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David E. Steitz Headquarters, Washington, DC (Phone: 202/358-1730)


January 11, 2000


In a keynote address to weather forecasters at their annual convention, NASA Administrator Daniel S. Goldin yesterday outlined the space agency's role in studying Earth's climate -- a commitment to scientific research and technology development that will help forecasters make more accurate weather predictions in the new millennium.

Speaking to the American Meteorological Society convention in Long Beach, CA, Goldin discussed how NASA technology and climate studies can help predict such dramatic events as El Nino and La Nina -- providing advance notice that saved America billions of dollars last year alone. For the future, NASA has set goals for its Earth Sciences research and technology development projects that may result in new satellite technologies and models to help National Weather Service replace the common three- to five-day forecasts of today with accurate 10- to 14-day forecasts, Goldin added.

With the use of satellite data and better computer modeling techniques, meteorologists in the next ten years may be able to predict El Nino weather conditions up to 15 months in advance and detect hurricanes far enough ahead to help protect lives and property, Goldin told the meteorologists.

"What most people don't know is that our efforts to open the space frontier are largely based on our quest to understand our own planet," Goldin said. "Our development of new technologies and Earth-observing spacecraft complement the vital work of our sister agencies in weather prediction and global climate modeling."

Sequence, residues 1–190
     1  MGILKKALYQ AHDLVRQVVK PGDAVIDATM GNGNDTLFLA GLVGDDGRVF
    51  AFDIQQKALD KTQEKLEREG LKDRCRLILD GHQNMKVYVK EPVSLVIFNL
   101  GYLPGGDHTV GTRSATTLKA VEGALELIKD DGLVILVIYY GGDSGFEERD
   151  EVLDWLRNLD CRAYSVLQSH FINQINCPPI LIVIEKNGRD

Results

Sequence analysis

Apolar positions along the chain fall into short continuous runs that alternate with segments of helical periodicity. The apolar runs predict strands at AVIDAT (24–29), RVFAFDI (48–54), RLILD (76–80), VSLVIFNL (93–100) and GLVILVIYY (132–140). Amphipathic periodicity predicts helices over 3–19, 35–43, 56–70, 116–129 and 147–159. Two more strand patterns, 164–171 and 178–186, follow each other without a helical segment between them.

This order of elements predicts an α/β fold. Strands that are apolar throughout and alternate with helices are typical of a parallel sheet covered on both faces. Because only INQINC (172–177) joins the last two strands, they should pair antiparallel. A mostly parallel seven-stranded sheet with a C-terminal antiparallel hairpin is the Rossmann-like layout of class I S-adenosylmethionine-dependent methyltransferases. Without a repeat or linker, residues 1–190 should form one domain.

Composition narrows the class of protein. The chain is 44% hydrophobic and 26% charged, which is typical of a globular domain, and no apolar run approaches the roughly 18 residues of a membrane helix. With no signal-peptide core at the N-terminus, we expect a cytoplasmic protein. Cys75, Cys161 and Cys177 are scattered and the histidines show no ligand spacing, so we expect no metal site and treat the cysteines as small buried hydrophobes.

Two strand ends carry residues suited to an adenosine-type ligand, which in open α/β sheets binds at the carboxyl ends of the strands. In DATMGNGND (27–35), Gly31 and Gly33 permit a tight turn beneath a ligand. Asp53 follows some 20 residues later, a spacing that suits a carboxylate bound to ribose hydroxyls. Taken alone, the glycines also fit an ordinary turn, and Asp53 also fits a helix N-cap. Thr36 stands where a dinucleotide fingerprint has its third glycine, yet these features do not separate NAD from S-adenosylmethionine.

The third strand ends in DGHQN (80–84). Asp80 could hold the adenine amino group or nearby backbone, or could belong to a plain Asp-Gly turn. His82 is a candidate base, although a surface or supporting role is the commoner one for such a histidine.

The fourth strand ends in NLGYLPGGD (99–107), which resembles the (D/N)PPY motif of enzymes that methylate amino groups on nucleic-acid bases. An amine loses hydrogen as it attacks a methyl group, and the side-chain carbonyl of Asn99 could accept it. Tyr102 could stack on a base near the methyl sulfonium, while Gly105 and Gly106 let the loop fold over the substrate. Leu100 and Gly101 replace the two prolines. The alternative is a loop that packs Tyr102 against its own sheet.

Ongoing Earth Science missions that contribute to our understanding of the global climate include:

* Landsat 7, an Earth-mapping satellite that provides imagery

of the planet for use in understanding natural events all over the world. Building on a 27-year heritage of data, Landsat 7 can help researchers understand the effects of hurricanes and their flooding of coastal regions, as well as monitor natural fires and droughts all over our planet.

* Quikscat, a satellite launched last spring that tracks wind

currents over the ocean's surface. This information can help scientists understand the interactions between Earth's oceans and the atmosphere and help them predict the evolution and movement of severe storms.

* TOPEX/POSEIDON, a NASA-French mission that uses radar to

study ocean-surface topography and heat content, two more clues into how El Nino and other ocean events affect the weather that crosses our nation each day.

* The Tropical Rainfall Measuring Mission, a NASA-Japanese

mission that continues to provide profound new insights into events such as hurricanes, modeling them in three dimensions while showing how energy is used within the storm. This knowledge will help experts understand how these most violent of Earthbound storms work. Experimental forecasts done last fall using this

satellite's data demonstrated much better tracking of some of the year's devastating east coast hurricanes, including Dennis and Floyd.

* The ACRIMSAT mission, launched last month, will measure how changes in the Sun's energy affect Earth's climate.

* Terra, also launched just last month, will enable new

research into the ways that Earth's lands, oceans, air, ice and life function as a planet-wide system. In the coming months and years, this major "Earth Observatory" will provide new insights into how our home planet behaves.

NASA's Earth Science Enterprise, Washington, DC, is a long- term research program designed to study the Earth's land, oceans, air, ice and life as a total system. More information about NASA's Earth Science Enterprise can be found on the Internet at: